Langdon Towne and Hunk Marriner join Major Rogers' Rangers as they wipe out an Indian village. They set out for Fort Wentworth, but when they arrive they find no soldiers and none of the supplies they expected.
When American newspaperman and adventurer Henry M. Stanley comes back from the western Indian wars, his editor James Gordon Bennett sends him to Africa to find Dr. David Livingstone, the ... See full summary »
Union officer Kerry Bradford escapes from Confederate Prison and is set to Virginia City in Nevada. Once there he finds that the former commander of his prison Vance Irby is planning to send $5 million in gold to save the Confederacy.
A dead World War II bomber pilot named Pete Sandidge, becomes the guardian angel of another pilot, Ted Randall. He guides Ted through battle and helping him to romance his old girlfriend, despite her excessive devotion to Sandidge's memory.
Based on the Kenneth Roberts novel of the same name, this film tells the story of two friends who join Rogers' Rangers, as the legendary elite force engages the enemy during the French and Indian War. The film focuses on their famous raid at Fort St. Francis and their marches before and after the battle.Written by
The subtitle "Book One: Rogers' Rangers" shows that MGM and King Vidor intended to complete the story in a second film which was never made due to lengthy production obstacles which plagued this film. This explains why the characters never actually make it to the Northwest Passage. See more »
In the speech that Rogers gives to his men to explain where they are going, near the beginning of the film; he is holding a staff that is above his head by almost two feet.
When the scene changes to a close up the staff is now held differently and is well below
the height of his shoulders. See more »
This is a story of our early America... of the century of conflict with the French and Indians... when necessity made simple men, unknown to history, into giants in daring and endurance. It begins in Portsmouth New Hampshire, in 1759...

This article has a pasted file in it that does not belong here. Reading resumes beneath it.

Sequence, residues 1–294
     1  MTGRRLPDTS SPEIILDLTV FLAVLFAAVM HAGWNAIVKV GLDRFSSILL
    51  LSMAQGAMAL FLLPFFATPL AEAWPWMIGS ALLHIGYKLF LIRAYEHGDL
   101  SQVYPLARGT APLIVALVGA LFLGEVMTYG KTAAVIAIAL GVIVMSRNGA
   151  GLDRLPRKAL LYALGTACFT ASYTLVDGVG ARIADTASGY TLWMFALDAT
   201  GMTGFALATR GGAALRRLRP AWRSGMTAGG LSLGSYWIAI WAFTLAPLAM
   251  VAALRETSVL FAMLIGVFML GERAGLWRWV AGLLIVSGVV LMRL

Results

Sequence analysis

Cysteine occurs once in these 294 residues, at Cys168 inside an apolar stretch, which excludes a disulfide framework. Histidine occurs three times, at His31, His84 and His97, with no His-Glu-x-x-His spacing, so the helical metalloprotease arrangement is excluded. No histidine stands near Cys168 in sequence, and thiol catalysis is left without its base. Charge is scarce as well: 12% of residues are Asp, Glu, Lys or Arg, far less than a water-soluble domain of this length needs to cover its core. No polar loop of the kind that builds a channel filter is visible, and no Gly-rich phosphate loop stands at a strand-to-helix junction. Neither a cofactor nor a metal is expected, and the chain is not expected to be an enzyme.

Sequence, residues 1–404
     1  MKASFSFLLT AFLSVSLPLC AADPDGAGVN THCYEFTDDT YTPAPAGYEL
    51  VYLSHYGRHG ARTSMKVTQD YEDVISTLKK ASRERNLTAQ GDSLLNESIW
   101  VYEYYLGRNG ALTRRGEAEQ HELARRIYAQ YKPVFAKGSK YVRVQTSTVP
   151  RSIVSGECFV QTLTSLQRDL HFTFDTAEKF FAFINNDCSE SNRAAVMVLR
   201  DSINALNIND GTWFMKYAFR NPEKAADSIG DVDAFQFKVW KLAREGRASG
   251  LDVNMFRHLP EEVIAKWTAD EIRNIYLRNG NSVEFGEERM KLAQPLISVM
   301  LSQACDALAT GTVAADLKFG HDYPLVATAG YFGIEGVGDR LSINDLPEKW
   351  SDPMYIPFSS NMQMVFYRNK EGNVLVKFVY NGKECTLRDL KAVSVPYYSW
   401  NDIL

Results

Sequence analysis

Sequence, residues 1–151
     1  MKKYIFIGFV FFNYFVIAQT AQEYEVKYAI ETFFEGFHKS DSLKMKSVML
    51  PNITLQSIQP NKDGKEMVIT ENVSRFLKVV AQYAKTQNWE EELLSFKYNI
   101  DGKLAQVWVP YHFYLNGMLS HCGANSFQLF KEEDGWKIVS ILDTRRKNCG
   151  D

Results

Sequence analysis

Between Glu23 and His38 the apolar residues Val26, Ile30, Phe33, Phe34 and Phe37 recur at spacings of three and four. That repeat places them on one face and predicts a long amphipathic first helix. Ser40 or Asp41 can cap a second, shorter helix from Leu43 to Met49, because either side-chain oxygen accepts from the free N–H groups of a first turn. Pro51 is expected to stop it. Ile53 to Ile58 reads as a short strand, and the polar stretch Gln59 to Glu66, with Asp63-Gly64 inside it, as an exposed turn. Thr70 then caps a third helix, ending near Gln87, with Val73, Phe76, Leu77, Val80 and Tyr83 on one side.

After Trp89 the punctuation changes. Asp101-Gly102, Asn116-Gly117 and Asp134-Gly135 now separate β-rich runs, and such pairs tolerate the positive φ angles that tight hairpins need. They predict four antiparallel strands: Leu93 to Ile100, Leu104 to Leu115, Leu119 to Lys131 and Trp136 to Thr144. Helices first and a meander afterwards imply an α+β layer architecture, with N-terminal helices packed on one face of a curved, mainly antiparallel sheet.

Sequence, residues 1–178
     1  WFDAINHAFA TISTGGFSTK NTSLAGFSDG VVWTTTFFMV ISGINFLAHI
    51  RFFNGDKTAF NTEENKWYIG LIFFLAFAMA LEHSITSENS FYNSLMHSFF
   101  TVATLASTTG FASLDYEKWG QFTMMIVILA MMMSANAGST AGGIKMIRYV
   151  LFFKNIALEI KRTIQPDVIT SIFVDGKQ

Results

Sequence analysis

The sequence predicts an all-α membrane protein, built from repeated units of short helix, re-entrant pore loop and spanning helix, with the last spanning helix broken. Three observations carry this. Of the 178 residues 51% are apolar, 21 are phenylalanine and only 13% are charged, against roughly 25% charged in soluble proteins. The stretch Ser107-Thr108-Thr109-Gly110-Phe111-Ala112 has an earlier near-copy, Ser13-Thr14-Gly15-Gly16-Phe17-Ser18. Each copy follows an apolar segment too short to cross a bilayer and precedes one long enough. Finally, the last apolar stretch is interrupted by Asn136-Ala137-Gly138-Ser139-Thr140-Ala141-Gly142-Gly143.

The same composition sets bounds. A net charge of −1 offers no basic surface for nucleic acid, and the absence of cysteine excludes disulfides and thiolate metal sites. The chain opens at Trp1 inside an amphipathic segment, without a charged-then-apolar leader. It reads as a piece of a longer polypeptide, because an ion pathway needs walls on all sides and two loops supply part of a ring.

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Frequently ripped-off historical plot seen here first.
Two months before his death in 1957, Kenneth Roberts received a special Pulitzer Prize for his historical novels. Of them, Northwest Passage was his most famous. It consisted of two distinct parts, and was the second best selling American book of 1937 (after first having been serialized in the Saturday Evening Post).
MGM's 1940 movie is based on the first, and in my opinion, better part of the book. It recounts Major Robert Rogers' 1759 raid on St. Francis, an Abenaki village, during the French and Indian War. As Rogers, Spencer Tracy gives a powerhouse performance, King Vidor delivers the directorial goods, and the storyline, itself, is very exciting. Indeed, I remember Northwest Passage fondly from my childhood, and consider it a classic. However, because of today's values, it probably appeals more to conservatives than liberals.
In 1945, Warner Brothers' Objective, Burma! (starring Errol Flynn) used the same plot without attribution--a Japanese transmission station replacing the Indian village. (Directed by Raoul Walsh, it too is very well done.) Then, in 1951's Distant Drums (starring Gary Cooper), director Walsh again used the same plot without attribution. This time the movie (which is not so well done) occurs during The Seminole Indian Wars (1835–1842), and the initial objective is an old Spanish fort, lying deep within the Everglades.
In conclusion, I'm not shocked that Hollywood recycled Roberts' plot without attribution. (You only have to remember Dorothy Parker's quip "The only 'ism' Hollywood believes in is plagiarism.") I am, however, somewhat shocked that Roberts did not sue. (His reputation was that of an acerbic curmudgeon.) But, then again, maybe he just didn't know.
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